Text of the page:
Family caregivers are, by our nature, fixers. We want to be sure that we are doing and getting the very best for our senior loved ones no matter what the situation brings.
There are, of course, the usual day to day roles we play as caregivers just making sure our loved ones are safe, healthy and mentally stimulated.
We can’t do it all, though we often try.
There are also many deep considerations that come to mind that need to be ‘solved’ in order to look out for the best interests of our seniors.
Caregivers are responsible for numerous financial and legal issues and sometimes realize that an expert is needed to protect senior’s rights and long term needs.
What is an Elder Law Attorney?
According to the National Academy of Elder Law Attorneys (NAELA), an elder law attorney represents seniors and their families in a variety of legal issues including estate planning, medical, financial and social needs to assist with providing the highest quality of life for seniors.
They can advise on areas which include tax planning, retirement benefits, probate, trusts, elder abuse/neglect, house issues, Medicare/Medicaid/Insurance, Social Security claims, Veteran’s Benefits, long term care planning and medical decisions.
How to Find An Elder Law Attorney
There are many places you can find referrals to a qualified, trusted elder law attorney in your area.
- Friend who may have used one already and has experience working with them
- State Bar Association Referral Service – your state will probably have an online locator
- Organizations such as AARP, Alzheimer’s Association, Administration on Aging, or one of many other topic specific support groups
- Local social workers or case managers
- Another attorney you may know – not all attorneys specialize in affairs of elders but they can provide a referral
Elder Law Attorney Selection
When deciding on an attorney to help with the needs of your senior loved one, it is important to do a little research and investigate whether or not they are competent to provide you with the services you seek. Here are a few suggestions of ways to find more information:
- Does the lawyer specialize in issues concerning elders? How much time do they spend working with elders and their families? Are they certified in elder law?
- Will this lawyer handle your issues directly or will your case be given to another legal staff member, such as another lawyer or paralegal?
- Is he or she a member of NAELA, a local chapter of NAELA or a group in the local bar association that handles elder law issues?
- Does this lawyer hold any other related degrees, in addition to the law degree, that might be helpful to your individual concern?
- Has the lawyer been disciplined by the bar association and, if so, what was the nature of the complaint and the outcome?
- How will your senior have to pay the attorney – a flat fee, hourly rate for services provided, contingency arrangement, or some of all combined? Will you be asked to pay weekly, monthly or only once the entire situation is handled? What out-of-pocket fees will you be charged such as postage, messenger fees, long distance phone calls or other expenses? Will you be asked to pay a retainer up front?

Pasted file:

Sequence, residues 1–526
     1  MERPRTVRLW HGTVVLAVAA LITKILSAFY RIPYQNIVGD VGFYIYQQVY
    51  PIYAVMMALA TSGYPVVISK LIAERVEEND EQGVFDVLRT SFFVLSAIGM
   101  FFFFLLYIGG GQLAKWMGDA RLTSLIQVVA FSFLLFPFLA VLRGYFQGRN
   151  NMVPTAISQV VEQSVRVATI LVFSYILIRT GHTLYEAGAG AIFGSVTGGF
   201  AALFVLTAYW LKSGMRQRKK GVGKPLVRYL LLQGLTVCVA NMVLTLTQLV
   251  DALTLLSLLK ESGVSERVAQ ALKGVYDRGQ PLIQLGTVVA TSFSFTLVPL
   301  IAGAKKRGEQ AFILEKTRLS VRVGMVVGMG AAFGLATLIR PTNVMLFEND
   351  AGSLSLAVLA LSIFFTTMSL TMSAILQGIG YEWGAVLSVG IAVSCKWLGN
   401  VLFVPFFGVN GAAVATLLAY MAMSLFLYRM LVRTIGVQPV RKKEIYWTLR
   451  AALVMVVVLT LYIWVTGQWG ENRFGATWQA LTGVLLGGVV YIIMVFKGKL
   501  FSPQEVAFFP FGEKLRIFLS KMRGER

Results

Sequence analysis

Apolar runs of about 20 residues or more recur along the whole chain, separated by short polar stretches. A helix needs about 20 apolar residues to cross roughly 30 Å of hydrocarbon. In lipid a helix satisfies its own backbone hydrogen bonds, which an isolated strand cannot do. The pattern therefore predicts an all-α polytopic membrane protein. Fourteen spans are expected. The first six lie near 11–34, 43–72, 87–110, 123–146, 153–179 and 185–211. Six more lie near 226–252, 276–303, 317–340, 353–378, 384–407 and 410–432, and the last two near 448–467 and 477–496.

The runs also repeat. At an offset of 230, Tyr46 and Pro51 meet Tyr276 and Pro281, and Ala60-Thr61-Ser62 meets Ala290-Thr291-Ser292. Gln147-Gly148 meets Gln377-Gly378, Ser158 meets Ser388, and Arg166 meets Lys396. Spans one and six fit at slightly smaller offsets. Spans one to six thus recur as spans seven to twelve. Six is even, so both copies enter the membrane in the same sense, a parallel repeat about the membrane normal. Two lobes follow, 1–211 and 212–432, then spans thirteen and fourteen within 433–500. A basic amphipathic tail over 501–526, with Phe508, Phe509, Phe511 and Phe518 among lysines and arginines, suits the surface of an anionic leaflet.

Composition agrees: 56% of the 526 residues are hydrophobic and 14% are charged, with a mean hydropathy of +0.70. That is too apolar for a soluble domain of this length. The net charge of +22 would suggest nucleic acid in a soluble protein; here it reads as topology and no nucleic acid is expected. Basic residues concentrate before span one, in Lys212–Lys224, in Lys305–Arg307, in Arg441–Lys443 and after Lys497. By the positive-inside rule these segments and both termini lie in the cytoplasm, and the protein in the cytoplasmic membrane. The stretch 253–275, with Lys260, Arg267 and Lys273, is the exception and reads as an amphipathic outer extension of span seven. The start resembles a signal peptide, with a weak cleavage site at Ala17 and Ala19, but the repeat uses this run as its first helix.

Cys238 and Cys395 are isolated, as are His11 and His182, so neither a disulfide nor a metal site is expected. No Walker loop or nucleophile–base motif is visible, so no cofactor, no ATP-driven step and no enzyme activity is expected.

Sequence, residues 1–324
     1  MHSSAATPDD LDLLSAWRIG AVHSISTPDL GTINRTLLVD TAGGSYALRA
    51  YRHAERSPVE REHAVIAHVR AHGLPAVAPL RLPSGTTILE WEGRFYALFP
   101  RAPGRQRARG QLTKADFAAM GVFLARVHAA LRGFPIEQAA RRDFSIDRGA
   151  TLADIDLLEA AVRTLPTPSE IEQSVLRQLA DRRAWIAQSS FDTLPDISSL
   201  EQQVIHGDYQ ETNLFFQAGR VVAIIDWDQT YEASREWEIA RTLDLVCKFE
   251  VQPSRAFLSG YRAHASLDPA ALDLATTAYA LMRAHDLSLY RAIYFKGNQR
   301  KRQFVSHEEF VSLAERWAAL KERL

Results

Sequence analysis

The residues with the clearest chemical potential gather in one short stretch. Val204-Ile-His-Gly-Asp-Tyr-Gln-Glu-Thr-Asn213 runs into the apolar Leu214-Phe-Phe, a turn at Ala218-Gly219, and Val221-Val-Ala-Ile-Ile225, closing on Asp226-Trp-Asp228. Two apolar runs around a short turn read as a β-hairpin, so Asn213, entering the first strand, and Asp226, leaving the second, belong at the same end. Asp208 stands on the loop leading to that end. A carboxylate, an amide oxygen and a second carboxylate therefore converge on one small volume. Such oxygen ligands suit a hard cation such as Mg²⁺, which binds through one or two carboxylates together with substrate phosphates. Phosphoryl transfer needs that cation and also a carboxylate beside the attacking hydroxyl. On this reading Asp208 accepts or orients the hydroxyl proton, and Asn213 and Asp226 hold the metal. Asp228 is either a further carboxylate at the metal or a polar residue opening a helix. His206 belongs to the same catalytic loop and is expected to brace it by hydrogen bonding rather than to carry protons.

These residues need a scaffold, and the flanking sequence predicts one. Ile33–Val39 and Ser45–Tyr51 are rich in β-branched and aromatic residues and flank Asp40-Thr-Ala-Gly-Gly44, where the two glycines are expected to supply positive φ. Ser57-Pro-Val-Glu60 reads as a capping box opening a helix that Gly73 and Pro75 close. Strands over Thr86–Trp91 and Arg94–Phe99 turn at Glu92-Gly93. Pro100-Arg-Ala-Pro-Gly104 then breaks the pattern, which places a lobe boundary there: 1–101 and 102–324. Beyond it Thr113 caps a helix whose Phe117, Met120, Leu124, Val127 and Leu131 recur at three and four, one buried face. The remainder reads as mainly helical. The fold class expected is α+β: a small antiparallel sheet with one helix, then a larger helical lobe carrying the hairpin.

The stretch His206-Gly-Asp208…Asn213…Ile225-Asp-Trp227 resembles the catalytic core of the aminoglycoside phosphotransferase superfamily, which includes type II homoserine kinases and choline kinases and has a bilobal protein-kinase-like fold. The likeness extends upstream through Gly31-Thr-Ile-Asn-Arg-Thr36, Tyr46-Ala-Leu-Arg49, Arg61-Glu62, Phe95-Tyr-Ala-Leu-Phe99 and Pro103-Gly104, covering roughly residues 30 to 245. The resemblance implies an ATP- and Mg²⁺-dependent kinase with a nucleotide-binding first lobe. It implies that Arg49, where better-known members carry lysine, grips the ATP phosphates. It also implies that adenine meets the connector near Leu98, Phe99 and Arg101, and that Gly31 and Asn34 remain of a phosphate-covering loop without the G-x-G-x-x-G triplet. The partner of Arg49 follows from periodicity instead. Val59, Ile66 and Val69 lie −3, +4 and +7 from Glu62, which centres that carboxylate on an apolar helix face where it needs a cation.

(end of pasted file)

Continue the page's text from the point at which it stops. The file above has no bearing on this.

- Will you be billed for emails, phone conversations, documents, or emergency situations? Is there a charge for an initial consultation or meeting?
- Check the attorney’s record through the state bar association, review his or her website and ask them for credentials. Do any of your senior’s friends work with or know the particular attorney?
- Interview the attorney you are considering to be sure that there is mutual trust for a good working relationship. This is the time to ask him or her all your questions and become comfortable they are someone whose advice you can trust for important decisions.
- Ask that the agreement of services and fees be put in writing or contract form so that all parties understand and agree with the terms so there is no issue later.
Working with the Elder Law Attorney
Once you decide on an attorney that meets your needs and can help resolve your concerns, there are a few things to remember when you meet.
Be sure that you have all the documents ready to help your elder law attorney help you. Be sure you discuss all possible options and understand the consequences of the choices you make for (and with) your senior.
Keep the lines of communication open with your elder law attorney so that everyone is aware of any issues that require resolution, how they will be dealt with and what fees they incur. Good two-way communication will be essential to meeting the needs of your senior.
Your elder law attorney will be your advocate to help you help your senior. They can help you plan for the future and hopefully keep small problems into turning into catastrophes.
Yes, family caregivers like to be fixers, but sometimes we have to resist. When working with an Elder Law Attorney with a senior loved one, keep in mind that it is their life and finances being discussed so we as family caregivers should support rather than lead discussions and decision making as long they are able to make their own decisions.
Do you have tips to share about your experiences working with an elder law attorney you would like to share? We would love to hear your comments!